Inspection of FIG. 3 will show the taper extending inwardly before the ball 11 is pressed completely into position.
The spigot or trunnion 12 is integral with the hollow ball 11.
FIG. 3 shows the preferred prosthetic femoral component in position in a femur indicated by reference numeral 14. The cortex is indicated by reference numeral 15 and the spongy interior by reference numeral 16. In order to apply the prosthetic femoral head the natural head is resectioned immediately above the neck 17 of the femur and is cut to provide a bore 18, the proximal end of which is enlarged using a reamer to provide a series of radially inwardly extending steps 19. It is important to cut the bone above the base of the femoral head thereby retaining the maximum amount of trabecular fibers which are indicated by reference numeral 20.
The preferred insert portion 5 and the head portion 6 can be made of any suitable materials, for example a synthetic plastic material such as a synthetic resin and carbon fibers, typical examples being PEEK (polyetheretherketone) or PBT (polybutalieneterephthalate) resin into which a chopped carbon fiber can be incorporated. Preferably the material is of a similar compressive modulus as cancellous bone.
When the insert portion 5 is pressed into position it will be seen that the steps 7 are aligned and co-operate with the steps 19 in the bone. This encourages growth of the trabecular fibers to reform around the sharp corners of the steps thus assisting in relaying loads from the bearing element provided by the ball 11 to the cortex 15.
The bearing element 10, in the form of the part spherical bearing ball 11, is shown in two different positions in FIG. 3. In the upper position it is partly inserted down to the point where its spigot 12 is about to engage the tapered portion 21 of the bore 9. As the ball 11 is pushed further into position it causes the outer circumference of the insert portion 5 to expand outwardly into the soft core of the bone. In order to assist in providing a grip the insert portion 5 carries a series of circular indentations 22 (most clearly seen in FIG. 2).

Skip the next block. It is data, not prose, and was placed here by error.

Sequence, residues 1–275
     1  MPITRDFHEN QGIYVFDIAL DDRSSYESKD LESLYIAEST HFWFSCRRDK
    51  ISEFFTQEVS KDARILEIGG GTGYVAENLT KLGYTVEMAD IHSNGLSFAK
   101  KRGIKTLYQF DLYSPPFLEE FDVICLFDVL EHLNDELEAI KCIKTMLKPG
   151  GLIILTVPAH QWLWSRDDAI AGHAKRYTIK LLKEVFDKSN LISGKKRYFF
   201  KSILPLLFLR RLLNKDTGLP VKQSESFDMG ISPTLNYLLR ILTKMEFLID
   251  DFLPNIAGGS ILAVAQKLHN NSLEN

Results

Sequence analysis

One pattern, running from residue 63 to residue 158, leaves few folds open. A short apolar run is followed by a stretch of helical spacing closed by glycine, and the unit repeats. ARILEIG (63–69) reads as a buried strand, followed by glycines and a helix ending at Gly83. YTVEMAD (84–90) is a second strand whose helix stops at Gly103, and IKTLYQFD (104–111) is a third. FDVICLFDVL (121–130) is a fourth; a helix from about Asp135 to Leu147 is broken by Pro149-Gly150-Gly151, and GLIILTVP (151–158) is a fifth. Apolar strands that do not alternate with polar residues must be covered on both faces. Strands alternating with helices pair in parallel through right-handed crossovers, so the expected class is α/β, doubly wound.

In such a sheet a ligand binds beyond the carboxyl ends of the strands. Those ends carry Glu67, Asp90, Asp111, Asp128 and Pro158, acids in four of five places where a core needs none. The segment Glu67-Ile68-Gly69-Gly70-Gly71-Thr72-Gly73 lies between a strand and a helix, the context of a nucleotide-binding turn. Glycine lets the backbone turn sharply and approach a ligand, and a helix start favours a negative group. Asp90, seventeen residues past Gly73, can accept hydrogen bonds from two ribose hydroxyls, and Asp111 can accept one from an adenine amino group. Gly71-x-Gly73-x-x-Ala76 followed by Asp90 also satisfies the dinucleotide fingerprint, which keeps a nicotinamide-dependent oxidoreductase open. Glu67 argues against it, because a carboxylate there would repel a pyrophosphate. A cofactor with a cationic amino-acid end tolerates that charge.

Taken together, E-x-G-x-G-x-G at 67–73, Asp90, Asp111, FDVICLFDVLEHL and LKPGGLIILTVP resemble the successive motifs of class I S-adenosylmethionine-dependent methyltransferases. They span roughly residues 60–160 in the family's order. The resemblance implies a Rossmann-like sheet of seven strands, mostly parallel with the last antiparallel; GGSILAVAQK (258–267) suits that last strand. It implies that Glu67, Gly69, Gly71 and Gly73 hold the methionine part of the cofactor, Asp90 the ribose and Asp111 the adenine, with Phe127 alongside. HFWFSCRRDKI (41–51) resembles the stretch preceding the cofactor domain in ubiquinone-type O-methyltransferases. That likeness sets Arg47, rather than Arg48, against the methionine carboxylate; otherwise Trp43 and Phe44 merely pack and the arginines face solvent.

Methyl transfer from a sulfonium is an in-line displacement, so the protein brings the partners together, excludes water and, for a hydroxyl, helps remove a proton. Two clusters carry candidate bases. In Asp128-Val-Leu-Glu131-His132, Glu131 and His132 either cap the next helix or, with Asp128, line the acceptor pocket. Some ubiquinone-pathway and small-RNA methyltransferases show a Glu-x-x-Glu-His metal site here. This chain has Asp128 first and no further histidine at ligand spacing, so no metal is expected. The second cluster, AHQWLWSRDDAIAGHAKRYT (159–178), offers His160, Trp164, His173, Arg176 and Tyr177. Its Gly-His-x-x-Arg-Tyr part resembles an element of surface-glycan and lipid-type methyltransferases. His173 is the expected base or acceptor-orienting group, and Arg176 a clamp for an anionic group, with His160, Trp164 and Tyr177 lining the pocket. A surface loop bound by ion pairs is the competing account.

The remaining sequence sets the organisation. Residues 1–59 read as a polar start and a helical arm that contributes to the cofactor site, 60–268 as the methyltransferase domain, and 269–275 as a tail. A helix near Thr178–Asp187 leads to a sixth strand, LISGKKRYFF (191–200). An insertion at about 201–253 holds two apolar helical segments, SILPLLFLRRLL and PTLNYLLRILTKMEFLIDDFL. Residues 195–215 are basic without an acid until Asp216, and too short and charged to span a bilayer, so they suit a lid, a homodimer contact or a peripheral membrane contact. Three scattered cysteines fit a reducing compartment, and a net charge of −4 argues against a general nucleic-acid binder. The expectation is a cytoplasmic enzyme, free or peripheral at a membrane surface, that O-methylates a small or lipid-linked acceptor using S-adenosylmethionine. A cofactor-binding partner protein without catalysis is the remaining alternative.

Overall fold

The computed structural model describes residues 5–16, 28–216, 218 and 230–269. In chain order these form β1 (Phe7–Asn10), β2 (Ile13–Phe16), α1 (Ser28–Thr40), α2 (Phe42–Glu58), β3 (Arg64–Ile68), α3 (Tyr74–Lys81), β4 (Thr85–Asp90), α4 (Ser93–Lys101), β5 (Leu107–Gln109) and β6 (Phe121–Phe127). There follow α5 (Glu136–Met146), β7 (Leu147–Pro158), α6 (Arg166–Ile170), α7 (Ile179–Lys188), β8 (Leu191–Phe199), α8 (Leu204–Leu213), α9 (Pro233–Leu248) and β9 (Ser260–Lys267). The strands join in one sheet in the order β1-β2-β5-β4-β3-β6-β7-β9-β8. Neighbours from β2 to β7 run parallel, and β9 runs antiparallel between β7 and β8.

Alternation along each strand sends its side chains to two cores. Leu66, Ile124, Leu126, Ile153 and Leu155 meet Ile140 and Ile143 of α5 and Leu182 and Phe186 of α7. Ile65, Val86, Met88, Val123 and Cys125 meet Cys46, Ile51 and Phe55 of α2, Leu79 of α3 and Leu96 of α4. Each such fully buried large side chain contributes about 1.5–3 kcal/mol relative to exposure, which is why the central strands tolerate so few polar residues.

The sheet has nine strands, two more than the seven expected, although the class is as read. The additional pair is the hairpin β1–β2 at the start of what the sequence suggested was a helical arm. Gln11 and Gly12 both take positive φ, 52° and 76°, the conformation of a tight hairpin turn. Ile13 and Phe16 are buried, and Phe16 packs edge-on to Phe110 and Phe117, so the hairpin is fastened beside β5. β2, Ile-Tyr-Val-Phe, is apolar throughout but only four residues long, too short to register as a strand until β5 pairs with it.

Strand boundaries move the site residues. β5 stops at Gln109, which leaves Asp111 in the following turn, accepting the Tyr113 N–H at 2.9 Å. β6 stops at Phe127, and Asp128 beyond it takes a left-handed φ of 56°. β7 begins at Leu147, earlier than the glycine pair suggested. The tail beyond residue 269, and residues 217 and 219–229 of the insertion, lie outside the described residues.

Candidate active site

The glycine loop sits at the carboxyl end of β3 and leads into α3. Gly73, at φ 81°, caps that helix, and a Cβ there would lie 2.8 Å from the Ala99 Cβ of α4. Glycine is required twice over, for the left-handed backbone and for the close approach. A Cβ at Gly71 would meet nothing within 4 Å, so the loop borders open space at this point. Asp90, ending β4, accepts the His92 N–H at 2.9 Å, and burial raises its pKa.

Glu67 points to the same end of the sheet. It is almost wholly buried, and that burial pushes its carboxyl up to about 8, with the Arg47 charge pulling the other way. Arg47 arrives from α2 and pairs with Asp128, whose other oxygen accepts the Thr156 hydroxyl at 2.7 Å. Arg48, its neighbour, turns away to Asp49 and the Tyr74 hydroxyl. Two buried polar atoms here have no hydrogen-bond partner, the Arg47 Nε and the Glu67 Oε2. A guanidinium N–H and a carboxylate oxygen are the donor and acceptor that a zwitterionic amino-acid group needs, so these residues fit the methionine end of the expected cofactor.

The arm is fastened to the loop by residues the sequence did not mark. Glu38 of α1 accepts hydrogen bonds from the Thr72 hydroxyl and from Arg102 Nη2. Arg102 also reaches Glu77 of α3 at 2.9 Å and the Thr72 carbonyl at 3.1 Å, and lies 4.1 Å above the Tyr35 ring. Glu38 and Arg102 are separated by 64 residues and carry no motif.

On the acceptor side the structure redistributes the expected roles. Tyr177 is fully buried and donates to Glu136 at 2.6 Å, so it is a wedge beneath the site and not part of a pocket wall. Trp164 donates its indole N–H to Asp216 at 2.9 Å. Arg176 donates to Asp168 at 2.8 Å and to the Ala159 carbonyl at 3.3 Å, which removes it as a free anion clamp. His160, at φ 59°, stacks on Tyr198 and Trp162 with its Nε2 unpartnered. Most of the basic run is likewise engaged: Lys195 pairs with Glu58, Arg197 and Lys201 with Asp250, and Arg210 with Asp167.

When the ball head 11 is fully in place it closely surrounds the head portion 6 and can transmit loads through it.
FIG. 5 shows an alternative construction in which the radially projecting steps 7 are replaced by radially projecting fins 77 intended to achieve the same effect.
FIG. 4 shows an alternative construction and the same reference numerals are used to indicate similar parts. In this arrangement the proximal end 40 of the head portion 41 is substantially flat and a bearing element is formed by a substantially solid part-spherical member 42. This is provided with a tapered blind bore 43 to accept a spigot or trunnion 44 provided with a suitably tapered boss 45. A Morse taper is provided between the parts so that they lock together when in position. The member 42 is made from a ceramic material, for example alumina zirconium or zirconium toughened alumina, and the spigot 44 is metal. The spigot 44 engages in the insert portion 5 in a similar manner to that described with regard to FIGS. 2 and 3.
As mentioned above, in the preferred embodiment the insert portion 5 and the head portion 41 can be made from a synthetic plastics material and this can be coated with plasma sprayed hydroxyapatite (HA) coating which is osteo-conductive and stimulates bone growth. Alternatively they could be made from metal, for example, titanium, with a porous coating such as a coating as set forth above.
In all the above constructions the surface finish of parts which abut bone can be in the form of a cut-away honeycomb.
The insert portion can be made from any of the materials referred to above and again be coated with plasma sprayed hydroxyapatite (HA) which is osteo-conductive and stimulates bone growth. If desired it could be made from metal, for example, titanium, with a porous coating such as a coating as set forth above.
In the constructions described above the insert portion is driven into the bone but it could be held by cement. Thus a small amount of cement could be applied at the proximal end of the insert portion, bone growth being relied upon towards the distal end.
Although the invention herein has been described with reference to particular embodiments, it is to be understood that these embodiments are merely illustrative of the principles and applications of the present invention. It is therefore to be understood that numerous modifications may be made to the illustrative embodiments and that other arrangements may be devised without departing from the spirit and scope of the present invention as defined by the appended claims.